Farmers are protesting, inflation is rising and the peso is getting worse and worse: Argentina’s economy minister can no longer withstand his country’s crises and submits his resignation.
In the midst of a severe economic crisis, Argentina’s Economics Minister Martín Guzmán has thrown in the towel.
The 39-year-old economist handed in his resignation on Saturday in the face of a massive devaluation of the national currency, the peso, against the US dollar, rising inflation, protests by farmers and a lack of political support.
Guzmán was considered an important confidant of President Alberto Fernández. Most recently, he negotiated a new loan agreement for the heavily indebted country with the International Monetary Fund (IMF). However, he was repeatedly attacked by supporters of Vice President and former head of state Cristina Kirchner.
Guzmán: Political agreement in the coalition “essential”
“Based on my experience, I believe it is imperative to work towards a political agreement within the governing coalition, so that whoever replaces me will have a single point of access to the macroeconomic tools needed to consolidate progress and the challenges ahead to cope with,” Guzmán wrote in his resignation statement. “This will help my successor to continue efforts for economic and social progress with the necessary political support.”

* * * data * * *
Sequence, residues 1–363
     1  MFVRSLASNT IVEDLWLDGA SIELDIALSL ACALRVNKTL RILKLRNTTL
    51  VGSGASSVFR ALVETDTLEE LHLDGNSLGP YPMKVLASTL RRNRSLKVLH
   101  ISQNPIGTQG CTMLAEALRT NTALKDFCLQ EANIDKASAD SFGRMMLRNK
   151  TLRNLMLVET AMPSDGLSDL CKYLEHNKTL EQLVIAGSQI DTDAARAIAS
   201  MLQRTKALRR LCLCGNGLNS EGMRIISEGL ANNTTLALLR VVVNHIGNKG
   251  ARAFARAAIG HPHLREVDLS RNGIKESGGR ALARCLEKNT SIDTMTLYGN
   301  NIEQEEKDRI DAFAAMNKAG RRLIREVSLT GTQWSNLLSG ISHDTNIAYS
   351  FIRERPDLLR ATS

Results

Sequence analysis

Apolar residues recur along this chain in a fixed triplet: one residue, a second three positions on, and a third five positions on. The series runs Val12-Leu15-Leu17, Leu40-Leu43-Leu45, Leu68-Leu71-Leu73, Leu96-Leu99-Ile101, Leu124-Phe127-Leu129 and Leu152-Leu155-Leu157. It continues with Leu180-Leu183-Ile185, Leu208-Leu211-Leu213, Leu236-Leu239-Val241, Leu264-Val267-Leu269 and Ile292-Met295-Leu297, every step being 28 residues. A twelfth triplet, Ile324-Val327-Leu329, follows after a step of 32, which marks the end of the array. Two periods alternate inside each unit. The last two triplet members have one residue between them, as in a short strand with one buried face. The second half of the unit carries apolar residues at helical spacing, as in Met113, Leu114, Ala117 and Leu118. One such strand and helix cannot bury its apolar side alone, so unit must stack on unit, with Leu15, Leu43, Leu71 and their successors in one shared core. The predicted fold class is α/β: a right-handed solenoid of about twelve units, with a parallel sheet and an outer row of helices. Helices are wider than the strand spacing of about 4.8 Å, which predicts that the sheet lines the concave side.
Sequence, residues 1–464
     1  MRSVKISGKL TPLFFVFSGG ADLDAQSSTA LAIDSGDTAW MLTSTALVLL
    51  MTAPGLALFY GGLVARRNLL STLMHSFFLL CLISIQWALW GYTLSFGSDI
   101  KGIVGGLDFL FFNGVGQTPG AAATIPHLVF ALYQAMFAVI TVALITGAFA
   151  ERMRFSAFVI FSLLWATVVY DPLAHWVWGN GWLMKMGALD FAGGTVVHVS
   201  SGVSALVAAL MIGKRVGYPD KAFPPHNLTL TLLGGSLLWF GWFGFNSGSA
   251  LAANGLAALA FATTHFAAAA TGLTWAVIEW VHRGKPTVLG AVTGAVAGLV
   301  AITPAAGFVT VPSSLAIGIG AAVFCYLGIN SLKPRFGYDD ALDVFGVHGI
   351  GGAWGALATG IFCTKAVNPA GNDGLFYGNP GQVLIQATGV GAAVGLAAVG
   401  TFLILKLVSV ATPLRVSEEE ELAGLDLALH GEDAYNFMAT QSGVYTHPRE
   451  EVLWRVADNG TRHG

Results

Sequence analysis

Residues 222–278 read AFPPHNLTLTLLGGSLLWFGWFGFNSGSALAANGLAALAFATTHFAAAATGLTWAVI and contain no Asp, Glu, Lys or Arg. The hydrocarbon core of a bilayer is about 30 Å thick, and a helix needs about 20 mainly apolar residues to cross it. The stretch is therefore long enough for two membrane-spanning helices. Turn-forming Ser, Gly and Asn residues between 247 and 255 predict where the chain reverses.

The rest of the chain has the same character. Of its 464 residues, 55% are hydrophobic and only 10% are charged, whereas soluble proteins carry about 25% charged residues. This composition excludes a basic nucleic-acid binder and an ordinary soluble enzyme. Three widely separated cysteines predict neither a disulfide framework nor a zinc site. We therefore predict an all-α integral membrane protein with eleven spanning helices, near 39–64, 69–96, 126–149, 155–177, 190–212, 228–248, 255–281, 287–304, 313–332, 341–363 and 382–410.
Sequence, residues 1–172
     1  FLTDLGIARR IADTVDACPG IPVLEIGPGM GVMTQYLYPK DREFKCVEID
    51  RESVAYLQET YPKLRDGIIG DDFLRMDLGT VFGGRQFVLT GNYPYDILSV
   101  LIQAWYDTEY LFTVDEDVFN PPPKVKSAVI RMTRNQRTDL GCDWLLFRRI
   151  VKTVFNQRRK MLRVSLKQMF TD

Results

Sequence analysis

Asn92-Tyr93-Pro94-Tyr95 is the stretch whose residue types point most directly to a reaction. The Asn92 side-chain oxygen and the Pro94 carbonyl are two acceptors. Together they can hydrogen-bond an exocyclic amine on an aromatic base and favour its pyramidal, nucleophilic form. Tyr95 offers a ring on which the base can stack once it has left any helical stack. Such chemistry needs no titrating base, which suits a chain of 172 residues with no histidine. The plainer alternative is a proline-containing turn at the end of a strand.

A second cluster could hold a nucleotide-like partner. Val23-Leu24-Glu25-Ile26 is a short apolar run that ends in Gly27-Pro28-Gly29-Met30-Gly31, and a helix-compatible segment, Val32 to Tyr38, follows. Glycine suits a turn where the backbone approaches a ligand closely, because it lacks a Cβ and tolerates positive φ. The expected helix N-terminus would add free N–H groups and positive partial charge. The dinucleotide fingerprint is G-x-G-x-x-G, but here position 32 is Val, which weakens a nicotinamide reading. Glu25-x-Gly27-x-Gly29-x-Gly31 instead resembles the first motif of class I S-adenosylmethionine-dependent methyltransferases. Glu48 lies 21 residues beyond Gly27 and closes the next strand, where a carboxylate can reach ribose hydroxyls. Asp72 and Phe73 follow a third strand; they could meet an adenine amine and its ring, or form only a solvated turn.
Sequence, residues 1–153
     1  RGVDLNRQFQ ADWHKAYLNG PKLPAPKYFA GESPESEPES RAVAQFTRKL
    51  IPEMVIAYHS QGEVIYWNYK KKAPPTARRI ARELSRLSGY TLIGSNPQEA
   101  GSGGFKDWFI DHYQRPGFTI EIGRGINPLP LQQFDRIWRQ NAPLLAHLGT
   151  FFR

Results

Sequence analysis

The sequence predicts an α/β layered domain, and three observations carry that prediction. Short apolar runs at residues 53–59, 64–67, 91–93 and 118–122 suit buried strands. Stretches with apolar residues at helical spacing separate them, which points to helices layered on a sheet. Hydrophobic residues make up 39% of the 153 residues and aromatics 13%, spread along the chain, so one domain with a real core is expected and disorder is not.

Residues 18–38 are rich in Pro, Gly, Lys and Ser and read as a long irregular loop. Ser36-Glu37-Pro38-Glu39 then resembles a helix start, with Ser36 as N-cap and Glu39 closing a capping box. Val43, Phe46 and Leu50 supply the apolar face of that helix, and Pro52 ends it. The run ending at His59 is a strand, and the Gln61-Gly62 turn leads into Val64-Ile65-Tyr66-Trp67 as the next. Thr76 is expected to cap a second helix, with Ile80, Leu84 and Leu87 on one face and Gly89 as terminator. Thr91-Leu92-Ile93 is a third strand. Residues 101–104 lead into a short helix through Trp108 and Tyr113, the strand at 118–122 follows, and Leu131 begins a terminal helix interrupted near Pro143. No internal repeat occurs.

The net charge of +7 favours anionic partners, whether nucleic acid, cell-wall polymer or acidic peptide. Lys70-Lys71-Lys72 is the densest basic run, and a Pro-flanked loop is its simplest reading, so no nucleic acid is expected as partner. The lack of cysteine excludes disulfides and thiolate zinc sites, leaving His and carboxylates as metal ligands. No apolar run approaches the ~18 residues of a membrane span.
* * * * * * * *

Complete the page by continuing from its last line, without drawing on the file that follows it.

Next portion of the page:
The second largest economy in South America has been in a severe economic crisis for years. Argentina suffers from a bloated state apparatus, low industrial productivity and a large shadow economy that deprives the state of much tax revenue. The national currency, the peso, continues to depreciate against the US dollar, and the mountain of debt is constantly growing. The inflation rate is 60.7 percent.